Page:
Frey's sheet applauded the acquittal of Erich Deppner, an SS storm trooper who ordered the murder of 65 Russian prisoners, a "turning point in the trials of war criminals" (Brown Book, p. 338-39).

    Another prominent Bircher with a secret life was Edward Hunter, the CIA mind control operative who coined the word "brainwashing" back in 1950. The word quickly, John Marks observed in The Manchurian Candidate: The CIA and Mind Control, "became a stock phrase in Cold War headlines." Hunter, an OSS veteran and CIA propagandist employed as a "journalist," wrote scores of books and articles on the emerging science of mind manipulation. His many readers responded with outrage at the communist menace he exposed in his articles, and its insidious mind control tactics. The enemy had developed methods "to put a man's mind into a fog so that he will mistake what is true for what is untrue," Hunter reported, "what is right for what is wrong, and come to believe what did not happen actually had happened, until he ultimately becomes a robot for the Communist manipulator" (p. 125-26). The country's elected representatives had no choice but to allow the CIA to conduct its own inhumane experiments on unconsenting human subjects.

    But there was no brainwash like the Birch brainwash.

    In 1962, Dan Smoot's The Invisible Government exposed as fronts for international Bolshevism a number of policy groups. Democracy was teetering. Smoot had unearthed the enemies in our midst: the Committee for Economic Development, the Advertising Council, the Atlantic Council (formerly the Atlantic Union Committee), the Business Advisory Council and the Trilateral Commission. Smoot, incidentally, reported to FBI headquarters in Washington before he was bitten by the bug to publish his neo-fascist newsletter, The Dan Smoot Report. "Somewhere at the top of the pyramid in the invisible government," he wrote, "are a few sinister people who know exactly what they are doing: They want America to become part of a worldwide socialist dictatorship under the control of the Kremlin" (Political Research Associates).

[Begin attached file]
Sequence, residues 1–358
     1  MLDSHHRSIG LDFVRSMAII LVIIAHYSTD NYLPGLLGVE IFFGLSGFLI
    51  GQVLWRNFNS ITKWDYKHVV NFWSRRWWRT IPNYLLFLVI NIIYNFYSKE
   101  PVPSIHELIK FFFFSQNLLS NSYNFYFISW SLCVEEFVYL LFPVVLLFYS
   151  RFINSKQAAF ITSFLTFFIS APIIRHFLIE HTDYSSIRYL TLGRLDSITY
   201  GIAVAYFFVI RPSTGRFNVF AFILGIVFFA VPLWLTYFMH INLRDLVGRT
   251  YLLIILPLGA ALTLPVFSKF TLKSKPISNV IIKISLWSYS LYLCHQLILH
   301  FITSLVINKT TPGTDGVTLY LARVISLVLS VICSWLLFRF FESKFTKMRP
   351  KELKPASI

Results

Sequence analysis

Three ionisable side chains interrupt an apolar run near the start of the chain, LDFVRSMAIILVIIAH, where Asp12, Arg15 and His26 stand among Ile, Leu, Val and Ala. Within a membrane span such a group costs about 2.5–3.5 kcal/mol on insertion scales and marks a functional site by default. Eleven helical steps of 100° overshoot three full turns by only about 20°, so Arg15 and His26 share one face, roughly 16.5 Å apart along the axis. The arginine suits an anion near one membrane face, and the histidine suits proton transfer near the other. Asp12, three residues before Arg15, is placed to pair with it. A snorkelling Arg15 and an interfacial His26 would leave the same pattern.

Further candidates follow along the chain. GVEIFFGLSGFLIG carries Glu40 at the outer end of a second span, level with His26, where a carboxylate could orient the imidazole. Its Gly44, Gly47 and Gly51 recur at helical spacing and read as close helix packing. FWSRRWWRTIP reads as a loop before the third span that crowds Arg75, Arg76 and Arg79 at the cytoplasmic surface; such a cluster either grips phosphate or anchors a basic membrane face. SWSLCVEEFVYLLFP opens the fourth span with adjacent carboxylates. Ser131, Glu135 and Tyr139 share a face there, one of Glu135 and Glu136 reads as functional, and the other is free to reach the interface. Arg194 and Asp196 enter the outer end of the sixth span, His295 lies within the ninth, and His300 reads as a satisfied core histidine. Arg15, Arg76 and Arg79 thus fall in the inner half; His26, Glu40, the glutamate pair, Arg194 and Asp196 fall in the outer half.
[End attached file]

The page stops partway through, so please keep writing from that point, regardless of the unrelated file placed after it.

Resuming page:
The rabble rousing of Welch, Manion, Smoot and other Birch Society celebrities was understandably disturbing to some of the political targets of the abuse.